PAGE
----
Chantilly is an unincorporated community and census-designated place (CDP) in western Fairfax County inNorthern Virginia. The Chantilly CDP population was 23,039 as of the 2010 census.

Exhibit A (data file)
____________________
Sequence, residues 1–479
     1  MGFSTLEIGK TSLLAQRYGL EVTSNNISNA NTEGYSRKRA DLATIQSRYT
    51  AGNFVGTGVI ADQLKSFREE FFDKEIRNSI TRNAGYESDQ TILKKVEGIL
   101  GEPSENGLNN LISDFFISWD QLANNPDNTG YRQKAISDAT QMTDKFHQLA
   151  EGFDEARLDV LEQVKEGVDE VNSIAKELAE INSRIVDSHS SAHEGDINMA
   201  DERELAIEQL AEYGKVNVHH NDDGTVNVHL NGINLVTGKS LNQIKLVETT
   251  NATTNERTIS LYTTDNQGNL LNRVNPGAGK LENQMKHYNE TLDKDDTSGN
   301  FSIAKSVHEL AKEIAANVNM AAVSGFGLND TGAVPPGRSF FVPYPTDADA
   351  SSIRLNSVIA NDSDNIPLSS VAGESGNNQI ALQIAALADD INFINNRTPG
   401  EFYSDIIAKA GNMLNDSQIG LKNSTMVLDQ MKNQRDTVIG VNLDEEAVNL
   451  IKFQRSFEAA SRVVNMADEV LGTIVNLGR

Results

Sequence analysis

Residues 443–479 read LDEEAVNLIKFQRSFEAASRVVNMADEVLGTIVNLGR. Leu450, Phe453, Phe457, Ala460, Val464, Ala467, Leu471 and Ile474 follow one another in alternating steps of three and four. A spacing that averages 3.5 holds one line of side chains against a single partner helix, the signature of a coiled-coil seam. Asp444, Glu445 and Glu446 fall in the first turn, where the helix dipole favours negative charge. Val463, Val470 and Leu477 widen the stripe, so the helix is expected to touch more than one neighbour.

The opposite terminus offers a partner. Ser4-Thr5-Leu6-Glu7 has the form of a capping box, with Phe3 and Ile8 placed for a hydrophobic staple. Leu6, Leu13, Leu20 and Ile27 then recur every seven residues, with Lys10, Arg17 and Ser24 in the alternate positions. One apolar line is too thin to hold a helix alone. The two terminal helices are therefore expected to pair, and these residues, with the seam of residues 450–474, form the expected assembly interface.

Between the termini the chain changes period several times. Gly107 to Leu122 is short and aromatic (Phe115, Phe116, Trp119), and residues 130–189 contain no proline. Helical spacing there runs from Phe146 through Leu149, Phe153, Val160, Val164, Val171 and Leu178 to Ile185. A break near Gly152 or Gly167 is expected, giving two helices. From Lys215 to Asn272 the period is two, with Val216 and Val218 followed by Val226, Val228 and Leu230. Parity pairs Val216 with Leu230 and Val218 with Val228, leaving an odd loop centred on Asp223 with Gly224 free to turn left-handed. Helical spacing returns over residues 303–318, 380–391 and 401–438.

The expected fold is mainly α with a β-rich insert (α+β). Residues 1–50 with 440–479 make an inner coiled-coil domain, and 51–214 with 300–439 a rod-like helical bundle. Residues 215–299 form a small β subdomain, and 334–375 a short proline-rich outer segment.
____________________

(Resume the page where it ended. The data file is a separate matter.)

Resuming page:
Chantilly was home to a number of colonial plantations in the 1700s, including The Sully Plantation (now the Sully Historic Site) built by Richard Bland Lee I. Other plantations included George Richard Lee Turberville's "Leeton Grove" (originally a 5,000+ acre plantation, the main house of which still stands at 4619 Walney Rd.), the John Hutchison Farm, and the "Chantilly Plantation", after which Chantilly is named. Cornelia Lee Turberville Stuart, who was born at Leeton and was the daughter of George Richard Lee Turberville and Henrietta Lee, inherited a portion of Leeton in 1817 from her father. Stuart and her husband Charles Calvert Stuart, whom she had married in 1816, constructed the Chantilly Plantation and named it after the Westmoreland County, VA plantation owned by her grandfather, Richard Henry Lee—a signer of the Declaration of Independence.Growth of the village predominantly occurred during the 19th century, particularly following the construction of Little River Turnpike (Route 236) to Winchester.The evolution of the Chantilly area into an outer suburb of Washington, D.C., gained momentum after 1980, as developers built residential subdivisions and commercial areas, filling in the farm land south of Dulles Airport.